I read The Paladin, by C. J. Cherryh. I generally liked it, but it certainly wasn’t her best work. It was published in 1988, and it is 2017 now, so her idea of a love interest just came off as harassment to me. Maybe I’m not like other guys, but when a girl repeatedly says no to me, I stop asking, and I certainly don’t try to logic her into it. On the other hand, this novel was interesting from the beginning, which is not always the case with C. J. Cherryh novels. I found the cover art to be a little humorous. The story is evidently supposed to be set in China or perhaps Japan, and Taizu is supposed to be a peasant, but the girl on the cover is clearly an auburn haired caucasian with kohl black eye makeup. The other covers that have been used for this book in the past have been awful.
It seems like I’ve just begun watching Star Trek: Discovery, and they’re already talking about a “midseason finale” and taking a break until January. What’s that about? On the other hand, I guess it means I won’t miss an episode while I’m on my hunting trip.
I’ve been preparing meals for my hunting/camping trip, and I’m actually feeling good about what I’m preparing. The experience I gained this summer, last fall, and last summer have taught me a few things about what works and what doesn’t. One unique factor is that I am cooking for one. The kinds of prepared meals I would buy to cook while camping don’t work very well because I’d end up throwing away much of the food. Left-overs don’t work well in a camp situation. So, I am dividing them and repackaging them into smaller units.
I bought a bigger tent for cold weather camping, the Eureka K-2 XT. It is much roomier than the tent I used last November, which felt a little claustrophobic with my mattress and my sleeping bag and everything in it. This one will let me have quite a bit of gear in the tent, move around, and just generally be more spread out. It also has a vestibule large enough to be worthy of the name. This tent is heavier, but I won’t take it backpacking.
I have a bit of a flashlight fetish. I don’t really think of Bushnell as a flashlight company, but nevertheless they have been making some interesting lights, of high quality and innovative design. They look great, and the build quality is excellent. I just bought TRKR T150L on impulse, a little 150 lumen light that runs on a single AA battery. In addition to the 150 lumen white light and the 13 lumen red light, it has a blood tracking mode. The blood tracking mode uses red + blue LED lights that give the impression of a sort of violet-white light, but which makes red (and blue) objects stand out very brightly. This is different from the other blood tracking light I own, which has red and green lights that shine in different spots and requires you to pass the light back and forth, making red objects alternate between bright and dark. If I have a chance, I will try to compare the effectiveness of both these lights when I go hunting this month.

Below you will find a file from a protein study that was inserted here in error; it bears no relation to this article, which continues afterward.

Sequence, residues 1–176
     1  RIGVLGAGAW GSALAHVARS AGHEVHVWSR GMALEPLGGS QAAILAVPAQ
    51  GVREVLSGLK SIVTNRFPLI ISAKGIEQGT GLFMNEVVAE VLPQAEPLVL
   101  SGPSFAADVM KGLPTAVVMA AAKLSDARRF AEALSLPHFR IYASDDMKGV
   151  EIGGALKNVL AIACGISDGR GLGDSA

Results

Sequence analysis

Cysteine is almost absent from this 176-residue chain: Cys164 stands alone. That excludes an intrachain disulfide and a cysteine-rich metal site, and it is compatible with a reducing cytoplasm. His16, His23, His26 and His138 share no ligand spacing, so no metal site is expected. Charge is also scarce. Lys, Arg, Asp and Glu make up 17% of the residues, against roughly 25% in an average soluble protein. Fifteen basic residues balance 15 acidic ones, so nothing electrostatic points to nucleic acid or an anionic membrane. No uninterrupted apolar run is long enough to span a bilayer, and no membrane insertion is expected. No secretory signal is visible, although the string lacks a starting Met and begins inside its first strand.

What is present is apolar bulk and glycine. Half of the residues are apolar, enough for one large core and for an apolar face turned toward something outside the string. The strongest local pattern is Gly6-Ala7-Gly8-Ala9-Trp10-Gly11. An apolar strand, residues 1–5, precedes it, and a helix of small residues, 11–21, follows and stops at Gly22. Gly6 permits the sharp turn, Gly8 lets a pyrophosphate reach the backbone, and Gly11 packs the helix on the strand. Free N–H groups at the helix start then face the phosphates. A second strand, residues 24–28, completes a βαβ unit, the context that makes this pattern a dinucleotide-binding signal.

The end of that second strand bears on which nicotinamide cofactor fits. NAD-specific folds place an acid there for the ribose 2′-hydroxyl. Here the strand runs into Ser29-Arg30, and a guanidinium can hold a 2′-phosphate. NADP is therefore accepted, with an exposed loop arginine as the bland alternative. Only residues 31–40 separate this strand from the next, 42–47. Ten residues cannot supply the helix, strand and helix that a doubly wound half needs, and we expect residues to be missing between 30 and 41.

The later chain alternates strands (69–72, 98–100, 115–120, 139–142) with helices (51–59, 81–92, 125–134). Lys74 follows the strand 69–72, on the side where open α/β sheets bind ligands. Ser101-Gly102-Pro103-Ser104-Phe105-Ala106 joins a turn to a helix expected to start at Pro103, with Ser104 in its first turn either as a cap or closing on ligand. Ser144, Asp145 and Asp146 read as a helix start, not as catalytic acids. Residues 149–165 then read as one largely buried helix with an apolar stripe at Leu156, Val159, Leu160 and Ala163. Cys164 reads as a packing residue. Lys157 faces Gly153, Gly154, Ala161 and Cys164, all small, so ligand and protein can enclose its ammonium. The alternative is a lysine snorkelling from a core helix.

After I bought that, I did a little more research on the visibility of red versus green lights by deer. I read this article. I had previously believed that deer could see red and green light about equally well, but the conjecture was that green light is perhaps less alarming to deer. I had been using a green light. However, this has caused me to flip my position and decide that red lights are better. So I went back to the store and bought the Bushnell H75L hat light, which has a 75 lumen white light and a 1 lumen red light and runs on a single AAA battery. I don’t expect to use the white light often, especially since it can only run for 45 minutes (as opposed to the red light which runs for four hours), but it might come in handy.
On the subject of lights and deer, I used to have a light for hanging inside my deer blind. It could shine red or green. However, it died last year. That one is no longer made. Downward-facing blind lights are rather few and far between. Ameristep makes one, but it’s clunky and uses green light. Bushnell makes something that would work, but it has a rechargeable internal battery. Rechargeable lights are a lot of hassle unless you use the light all the time, and when the battery ages to a point where it can’t take a charge, the light becomes useless. In this case, it also makes the light very expensive. I’ll keep looking around.
Oathbringer by Brandon Sanderson is to be released on November 14. I have pre-ordered it for my Kindle, which will make it just in time to take on my hunting trip so I’ll have something to read in my tent at night. The first two books in this series, beginning with The Way of Kings, was weird, but excellent. And in typical Brandon Sanderson fashion, the thing is more than 1100 pages, so I’m sure it will last the whole trip.